Add defense spending to that list and I agree with McConnell completely.
Give a man a fish, or he will destroy the only existing vial of antidote.
I could see reforming Social Security by raising the retirement age by six months or so, making it taxable over a smaller amount than it is as present and having that revenue go into the SS fund, removing fraud from the system in terms of SS disability (plenty there) and in terms of survivorship benefits, (Got stories there, too.) removing the "you can earn all you want after your full retirement age" deduction in our personal income tax and putting that revenue into the SS fund. I'm sure I could think of more.
Believe me, when the average senior reads "benefit cuts to Social Security," he's thinkin' his check's gunna get smaller. And that will never happen.
Thank you, Quazi!
If democrats would follow their own laws like pay go we wouldn't have such a big problem
Americans are so enamored of equality that they would rather be equal in slavery than unequal in freedom.
Alexis de Tocqueville
Spending more does not necessarily mean getting more.
FYI, if the debt limit is not increased, that does not mean that the U.S. would automatically default on its debt. The U.S. would need to cease borrowing funds in excess of its debt limit, meaning in effect that it would have to completely eliminate its budget deficits so long as the debt limit is not increased. As there is tax revenue coming in, the federal government would need to make some wrenching choices: continuing meeting its debt obligations or partially default to allow for more money to be used for current expenditures. The latter course would be very dangerous, as it damage the U.S. credit rating and lead to a long-term risk re-adjustment, meaning higher future borrowing costs. The former could be very unpopular depending on what programs/activities are suspended and potentially painful, too (aggregate demand would contract and that would adversely impact GDP; reductions in social welfare benefits could also adversely impact recipients of those benefits, etc.). The tradeoffs considered, the former course would be the better one, if such a political crisis unfolds.
Of course, such a crisis is completely avoidable. Given the stakes involved, I believe both the White House and Congress should, in fact, avoid such a stand-off. Instead, they should commit themselves to credible long-term fiscal consolidation. To be credible, at least some of the recommendations made by the two fiscal commissions late last year, should be incorporated in fiscal consolidation legislation that would follow agreement to increase the debt ceiling. As a downpayment toward credible fiscal consolidation, if the President and Congress want to demonstrate through actions that they are truly serious about addressing the nation's long-term fiscal imbalances, perhaps an increase in the Social Security eligibility age could be tied to legislation to increase the debt limit.
projected tax receipts for FY 2011 are around $2.2 trillion and for FY 2012 they are around $2.6 trillion. Projected expenditures for those years are about $3.8 trillion and $3.7 trillion respectively. Net interest payments are estimated at $205 billion and $240 billion respectively.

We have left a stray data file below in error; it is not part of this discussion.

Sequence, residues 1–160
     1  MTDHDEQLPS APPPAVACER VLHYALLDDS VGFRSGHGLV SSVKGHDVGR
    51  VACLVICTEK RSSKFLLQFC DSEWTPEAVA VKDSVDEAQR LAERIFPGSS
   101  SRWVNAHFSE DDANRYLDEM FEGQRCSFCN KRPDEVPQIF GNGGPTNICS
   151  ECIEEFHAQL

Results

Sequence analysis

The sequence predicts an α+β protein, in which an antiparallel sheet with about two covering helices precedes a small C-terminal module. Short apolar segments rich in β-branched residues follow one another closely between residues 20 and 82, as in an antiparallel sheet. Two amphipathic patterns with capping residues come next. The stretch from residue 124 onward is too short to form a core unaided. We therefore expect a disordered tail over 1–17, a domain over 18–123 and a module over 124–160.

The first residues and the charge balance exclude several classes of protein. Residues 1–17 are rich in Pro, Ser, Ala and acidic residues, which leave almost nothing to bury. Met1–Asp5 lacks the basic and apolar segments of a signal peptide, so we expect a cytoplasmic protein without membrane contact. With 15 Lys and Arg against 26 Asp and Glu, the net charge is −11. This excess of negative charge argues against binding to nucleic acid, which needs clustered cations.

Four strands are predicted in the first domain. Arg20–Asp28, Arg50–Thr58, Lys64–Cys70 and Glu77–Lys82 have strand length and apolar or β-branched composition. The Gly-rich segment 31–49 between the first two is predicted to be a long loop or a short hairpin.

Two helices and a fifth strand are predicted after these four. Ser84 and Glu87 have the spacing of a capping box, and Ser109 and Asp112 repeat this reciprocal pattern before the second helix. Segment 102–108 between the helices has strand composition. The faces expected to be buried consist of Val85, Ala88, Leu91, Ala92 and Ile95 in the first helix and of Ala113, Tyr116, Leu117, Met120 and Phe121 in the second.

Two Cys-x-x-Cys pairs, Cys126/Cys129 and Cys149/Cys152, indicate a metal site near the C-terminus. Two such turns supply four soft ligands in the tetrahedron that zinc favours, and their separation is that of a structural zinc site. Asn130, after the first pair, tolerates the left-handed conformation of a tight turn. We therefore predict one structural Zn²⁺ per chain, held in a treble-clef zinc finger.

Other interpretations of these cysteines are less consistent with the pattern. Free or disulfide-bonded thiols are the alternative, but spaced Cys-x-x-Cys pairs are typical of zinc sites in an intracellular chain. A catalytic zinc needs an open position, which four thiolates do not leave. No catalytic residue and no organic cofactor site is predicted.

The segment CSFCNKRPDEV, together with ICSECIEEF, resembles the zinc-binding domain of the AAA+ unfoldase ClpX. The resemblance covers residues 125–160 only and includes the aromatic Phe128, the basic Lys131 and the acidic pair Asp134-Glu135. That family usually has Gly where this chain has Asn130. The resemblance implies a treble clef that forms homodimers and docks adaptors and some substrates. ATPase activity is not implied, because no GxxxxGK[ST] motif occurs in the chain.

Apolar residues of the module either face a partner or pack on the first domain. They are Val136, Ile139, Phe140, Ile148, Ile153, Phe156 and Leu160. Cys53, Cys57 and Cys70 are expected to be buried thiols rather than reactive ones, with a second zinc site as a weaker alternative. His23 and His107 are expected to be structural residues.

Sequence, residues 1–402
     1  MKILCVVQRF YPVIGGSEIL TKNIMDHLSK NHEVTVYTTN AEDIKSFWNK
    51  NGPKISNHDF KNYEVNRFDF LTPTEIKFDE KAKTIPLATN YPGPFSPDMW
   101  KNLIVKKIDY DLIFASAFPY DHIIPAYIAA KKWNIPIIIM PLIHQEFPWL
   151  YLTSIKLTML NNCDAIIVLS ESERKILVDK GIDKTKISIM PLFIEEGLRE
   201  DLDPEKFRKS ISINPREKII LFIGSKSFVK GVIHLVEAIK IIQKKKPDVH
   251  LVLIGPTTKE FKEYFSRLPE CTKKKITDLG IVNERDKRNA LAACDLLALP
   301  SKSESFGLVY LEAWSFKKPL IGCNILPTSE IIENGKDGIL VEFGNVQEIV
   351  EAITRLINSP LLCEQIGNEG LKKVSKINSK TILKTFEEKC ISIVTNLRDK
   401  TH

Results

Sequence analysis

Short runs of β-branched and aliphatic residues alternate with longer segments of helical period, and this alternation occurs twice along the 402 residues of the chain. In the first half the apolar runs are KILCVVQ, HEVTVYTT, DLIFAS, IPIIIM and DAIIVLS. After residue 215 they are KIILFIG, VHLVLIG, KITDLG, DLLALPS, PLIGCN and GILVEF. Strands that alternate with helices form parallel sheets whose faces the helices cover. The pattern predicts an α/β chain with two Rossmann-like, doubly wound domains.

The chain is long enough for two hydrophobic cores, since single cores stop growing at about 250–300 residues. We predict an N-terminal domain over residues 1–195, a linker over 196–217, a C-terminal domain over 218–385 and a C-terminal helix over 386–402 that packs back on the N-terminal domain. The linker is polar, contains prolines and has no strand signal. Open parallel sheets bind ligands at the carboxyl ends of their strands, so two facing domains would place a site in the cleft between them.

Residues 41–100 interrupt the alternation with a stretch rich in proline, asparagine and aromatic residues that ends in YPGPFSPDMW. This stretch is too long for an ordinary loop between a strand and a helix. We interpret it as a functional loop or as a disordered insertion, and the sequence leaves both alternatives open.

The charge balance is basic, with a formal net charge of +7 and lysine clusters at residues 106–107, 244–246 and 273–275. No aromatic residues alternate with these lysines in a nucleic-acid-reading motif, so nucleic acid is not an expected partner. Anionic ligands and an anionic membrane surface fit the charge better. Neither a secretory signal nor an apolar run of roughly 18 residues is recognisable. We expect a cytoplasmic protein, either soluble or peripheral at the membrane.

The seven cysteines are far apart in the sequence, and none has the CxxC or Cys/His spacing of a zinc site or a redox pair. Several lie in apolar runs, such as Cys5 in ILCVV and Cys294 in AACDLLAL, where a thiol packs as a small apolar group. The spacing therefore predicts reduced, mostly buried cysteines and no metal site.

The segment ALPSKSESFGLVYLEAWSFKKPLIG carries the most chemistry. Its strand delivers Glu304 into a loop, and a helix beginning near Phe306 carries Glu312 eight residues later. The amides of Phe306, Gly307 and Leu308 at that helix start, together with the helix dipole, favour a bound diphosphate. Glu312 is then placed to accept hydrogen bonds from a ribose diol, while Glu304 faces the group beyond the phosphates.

So, if one takes an average of the two fiscal year's figures to estimate monthly figures for the next few months (tax revenue should be rising as the economy continues to grow), the monthly averages would be:
Revenue: $200 billion
Expenses: $312.5 billion
Net Interest Payments: $18.5 billion
Under such a scenario, no default would occur if the federal government paid its $18.5 billion monthly interest expense and then spent no more than $181.5 billion per month on all its other activities. Clearly, that would be extremely painful. For example, if the federal government chose to pay Medicare, Medicaid, Social Security, and all the other mandatory spending programs, it would have less than $2.5 billion per month for everything else. This is just an idea to illustrate the point that technically a debt default need not occur. The numbers are not precise and there would be fluctuations, e.g., a disproportionate share of revenue would become available in April. On the current fiscal path, were such a situation to occur even a few years in the future, there might then be no way to avoid a partial debt default.
Politically, the above would not be a sustainable course, but a partial debt default would have long-term adverse implications. The bottom line is that both the President and Congress should avoid such a situation, as it would not be sustainable for more than a very short period of time. Given the nation's long-term fiscal imbalances and the incremental risks associated with pursuing yet another status quo budget, the effort to lay out a credible path to fiscal consolidation should begin in earnest. Some spending reductions should begin immediately now that the economy has been growing for almost two years. Such an approach would be compatible with the nation's long-term interests and it is feasible in the context of a growing economy.
Last edited by donsutherland1; 03-11-11 at 10:06 PM.